colourist, or even the designer, who more gorgeous tints than ever lay works for the eye alone,–whose de- on mortal palette ! signs contain neither poetry nor sense, To proceed. When the arts were and communicate neither knowledge reviving in Italy, England, occupied nor power,-as anywise superior to with foreign and domestic wars, a tailor. His craft may, or may not, oppressed in her trade, exhausted in be the more difficult of the two; but her treasury, devoted to ruin, exSnip's is undoubtedly the more use- pense, and senseless ostentation, proful. As for the sensual pleasure fited not by the example. Italy exwhich colour is capable of affording, ported Bulls and Legates a Ceitere, Titian himself was a fool to the but kept the painters at home; yet, waved and watered, glossy, light- in the age of Chaucer, a great artist catching, ever-varying hues of the would not have been neglected. The silken bales, for which hungry Spi- third Edward was magnificent; his talfields too often receives the wages unfortunate grandson was profuse. of starvation. Every vagrant Auto- John of Gaunt was the patron of lycus,“ each wandering merchant Chaucer, but whether as poet or bent beneath his load,”—exposes to painter, does not appear. Richard the covetous eyes of the village lass II. noticed Gower.* What “ art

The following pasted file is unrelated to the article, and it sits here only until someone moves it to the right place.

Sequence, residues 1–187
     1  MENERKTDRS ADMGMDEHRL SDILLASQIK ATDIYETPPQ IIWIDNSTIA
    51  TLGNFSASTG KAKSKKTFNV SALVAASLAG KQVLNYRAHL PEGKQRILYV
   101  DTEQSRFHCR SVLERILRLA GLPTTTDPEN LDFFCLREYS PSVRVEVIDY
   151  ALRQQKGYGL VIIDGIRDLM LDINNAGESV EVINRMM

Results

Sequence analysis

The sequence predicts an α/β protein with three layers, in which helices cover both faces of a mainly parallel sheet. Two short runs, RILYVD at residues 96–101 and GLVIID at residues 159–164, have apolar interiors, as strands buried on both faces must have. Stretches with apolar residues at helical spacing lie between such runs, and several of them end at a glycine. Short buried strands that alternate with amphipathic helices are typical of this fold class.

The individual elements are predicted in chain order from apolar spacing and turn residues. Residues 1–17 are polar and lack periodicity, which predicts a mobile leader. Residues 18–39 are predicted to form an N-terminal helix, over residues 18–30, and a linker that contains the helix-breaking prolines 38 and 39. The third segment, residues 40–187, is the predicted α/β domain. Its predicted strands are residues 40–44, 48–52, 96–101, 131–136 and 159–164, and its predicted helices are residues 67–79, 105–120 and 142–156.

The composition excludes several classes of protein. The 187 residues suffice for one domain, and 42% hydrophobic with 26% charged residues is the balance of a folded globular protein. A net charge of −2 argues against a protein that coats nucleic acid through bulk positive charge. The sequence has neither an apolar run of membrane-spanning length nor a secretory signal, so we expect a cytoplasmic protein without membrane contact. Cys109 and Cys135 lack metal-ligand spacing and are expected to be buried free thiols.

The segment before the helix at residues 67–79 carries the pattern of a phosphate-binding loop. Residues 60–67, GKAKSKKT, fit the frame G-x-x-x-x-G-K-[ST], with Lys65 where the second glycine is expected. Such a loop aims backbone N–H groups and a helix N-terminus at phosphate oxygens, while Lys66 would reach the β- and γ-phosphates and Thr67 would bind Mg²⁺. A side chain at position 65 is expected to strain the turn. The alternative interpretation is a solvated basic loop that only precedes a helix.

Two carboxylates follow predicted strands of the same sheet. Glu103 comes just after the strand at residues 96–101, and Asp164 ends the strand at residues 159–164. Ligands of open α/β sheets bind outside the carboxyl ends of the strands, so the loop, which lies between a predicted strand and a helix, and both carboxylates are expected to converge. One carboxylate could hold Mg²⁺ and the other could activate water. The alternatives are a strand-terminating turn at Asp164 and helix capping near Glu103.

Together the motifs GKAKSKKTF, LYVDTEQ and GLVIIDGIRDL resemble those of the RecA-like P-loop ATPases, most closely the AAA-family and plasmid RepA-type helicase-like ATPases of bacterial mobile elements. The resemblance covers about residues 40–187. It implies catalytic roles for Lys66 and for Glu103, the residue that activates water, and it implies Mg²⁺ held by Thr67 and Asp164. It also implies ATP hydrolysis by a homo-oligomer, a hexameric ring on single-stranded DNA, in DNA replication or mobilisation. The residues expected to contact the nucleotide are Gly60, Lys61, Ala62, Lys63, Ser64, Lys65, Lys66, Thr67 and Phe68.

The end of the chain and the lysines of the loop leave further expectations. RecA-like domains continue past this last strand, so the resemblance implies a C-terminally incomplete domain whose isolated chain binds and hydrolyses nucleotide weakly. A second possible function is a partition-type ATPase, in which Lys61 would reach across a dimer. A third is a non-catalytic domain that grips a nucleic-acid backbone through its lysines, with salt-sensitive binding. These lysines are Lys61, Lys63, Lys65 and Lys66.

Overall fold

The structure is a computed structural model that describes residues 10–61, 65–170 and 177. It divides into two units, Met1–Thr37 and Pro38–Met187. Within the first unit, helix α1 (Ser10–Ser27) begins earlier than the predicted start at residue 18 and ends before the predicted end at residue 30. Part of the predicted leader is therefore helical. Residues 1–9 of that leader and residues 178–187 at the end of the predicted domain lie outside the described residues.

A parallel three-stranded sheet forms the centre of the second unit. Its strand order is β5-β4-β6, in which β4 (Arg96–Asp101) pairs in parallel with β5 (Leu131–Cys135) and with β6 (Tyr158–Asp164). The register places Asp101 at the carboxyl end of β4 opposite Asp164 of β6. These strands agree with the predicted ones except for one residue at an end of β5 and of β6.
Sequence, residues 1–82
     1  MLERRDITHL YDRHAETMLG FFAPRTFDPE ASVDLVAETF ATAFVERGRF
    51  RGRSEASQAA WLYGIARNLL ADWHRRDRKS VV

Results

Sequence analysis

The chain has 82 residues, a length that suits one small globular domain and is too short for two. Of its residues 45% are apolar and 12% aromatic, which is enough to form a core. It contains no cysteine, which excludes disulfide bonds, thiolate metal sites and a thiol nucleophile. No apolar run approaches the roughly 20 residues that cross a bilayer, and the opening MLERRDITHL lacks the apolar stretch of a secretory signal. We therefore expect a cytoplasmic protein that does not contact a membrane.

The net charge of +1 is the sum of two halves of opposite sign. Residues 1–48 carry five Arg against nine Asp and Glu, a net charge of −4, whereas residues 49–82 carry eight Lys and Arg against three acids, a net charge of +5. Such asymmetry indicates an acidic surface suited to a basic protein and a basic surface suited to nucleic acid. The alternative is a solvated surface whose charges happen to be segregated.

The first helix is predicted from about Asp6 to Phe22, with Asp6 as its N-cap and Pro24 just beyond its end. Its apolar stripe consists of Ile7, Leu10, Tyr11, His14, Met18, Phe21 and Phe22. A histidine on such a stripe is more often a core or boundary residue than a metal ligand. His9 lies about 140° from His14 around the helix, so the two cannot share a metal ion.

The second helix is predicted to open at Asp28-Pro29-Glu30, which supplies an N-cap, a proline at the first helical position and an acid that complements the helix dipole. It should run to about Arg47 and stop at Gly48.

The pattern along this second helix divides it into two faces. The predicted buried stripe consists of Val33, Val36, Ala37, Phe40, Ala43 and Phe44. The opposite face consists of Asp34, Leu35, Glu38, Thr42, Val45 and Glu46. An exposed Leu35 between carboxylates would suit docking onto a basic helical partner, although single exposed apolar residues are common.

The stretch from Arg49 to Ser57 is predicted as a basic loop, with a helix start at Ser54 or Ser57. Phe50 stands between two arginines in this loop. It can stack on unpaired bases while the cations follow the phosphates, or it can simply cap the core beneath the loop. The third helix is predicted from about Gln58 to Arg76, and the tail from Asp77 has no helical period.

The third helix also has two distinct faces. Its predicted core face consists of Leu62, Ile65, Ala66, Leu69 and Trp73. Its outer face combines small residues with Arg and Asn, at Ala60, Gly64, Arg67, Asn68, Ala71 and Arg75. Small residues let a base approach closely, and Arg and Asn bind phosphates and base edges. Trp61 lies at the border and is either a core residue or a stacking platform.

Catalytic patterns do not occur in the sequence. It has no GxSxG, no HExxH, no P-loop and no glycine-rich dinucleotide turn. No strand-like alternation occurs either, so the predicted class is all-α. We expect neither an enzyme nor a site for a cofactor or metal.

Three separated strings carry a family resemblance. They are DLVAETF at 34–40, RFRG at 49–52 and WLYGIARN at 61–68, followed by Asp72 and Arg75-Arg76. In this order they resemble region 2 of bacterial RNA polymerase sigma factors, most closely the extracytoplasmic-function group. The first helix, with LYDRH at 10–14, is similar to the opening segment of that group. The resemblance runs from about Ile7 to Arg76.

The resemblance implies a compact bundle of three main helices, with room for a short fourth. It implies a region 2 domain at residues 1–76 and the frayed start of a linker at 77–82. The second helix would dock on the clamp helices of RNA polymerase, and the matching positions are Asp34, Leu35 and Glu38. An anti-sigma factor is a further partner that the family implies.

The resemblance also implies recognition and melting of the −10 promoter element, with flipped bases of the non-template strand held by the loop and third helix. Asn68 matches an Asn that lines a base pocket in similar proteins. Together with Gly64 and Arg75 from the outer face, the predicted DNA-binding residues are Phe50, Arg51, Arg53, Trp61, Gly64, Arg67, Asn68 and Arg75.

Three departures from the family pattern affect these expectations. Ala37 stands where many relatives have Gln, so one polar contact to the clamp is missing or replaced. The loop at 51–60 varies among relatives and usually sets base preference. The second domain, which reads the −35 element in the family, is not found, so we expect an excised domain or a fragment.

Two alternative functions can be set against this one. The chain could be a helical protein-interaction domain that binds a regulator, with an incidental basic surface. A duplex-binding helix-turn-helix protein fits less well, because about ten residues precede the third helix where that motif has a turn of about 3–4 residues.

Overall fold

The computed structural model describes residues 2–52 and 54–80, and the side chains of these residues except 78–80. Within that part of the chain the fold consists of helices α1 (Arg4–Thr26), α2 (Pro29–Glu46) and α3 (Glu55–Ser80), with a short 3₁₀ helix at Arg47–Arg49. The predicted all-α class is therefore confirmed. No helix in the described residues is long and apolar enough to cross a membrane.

* In Thames, when it was flowing,

As I by boat came rowing ;
So as Fortune her time set,
My liege lord perchance I met,
And so befell, as I came nigh,
Out of my boat, when he me sigh-i.e. saw,
He had me come into his barge;
But when I was with him at large,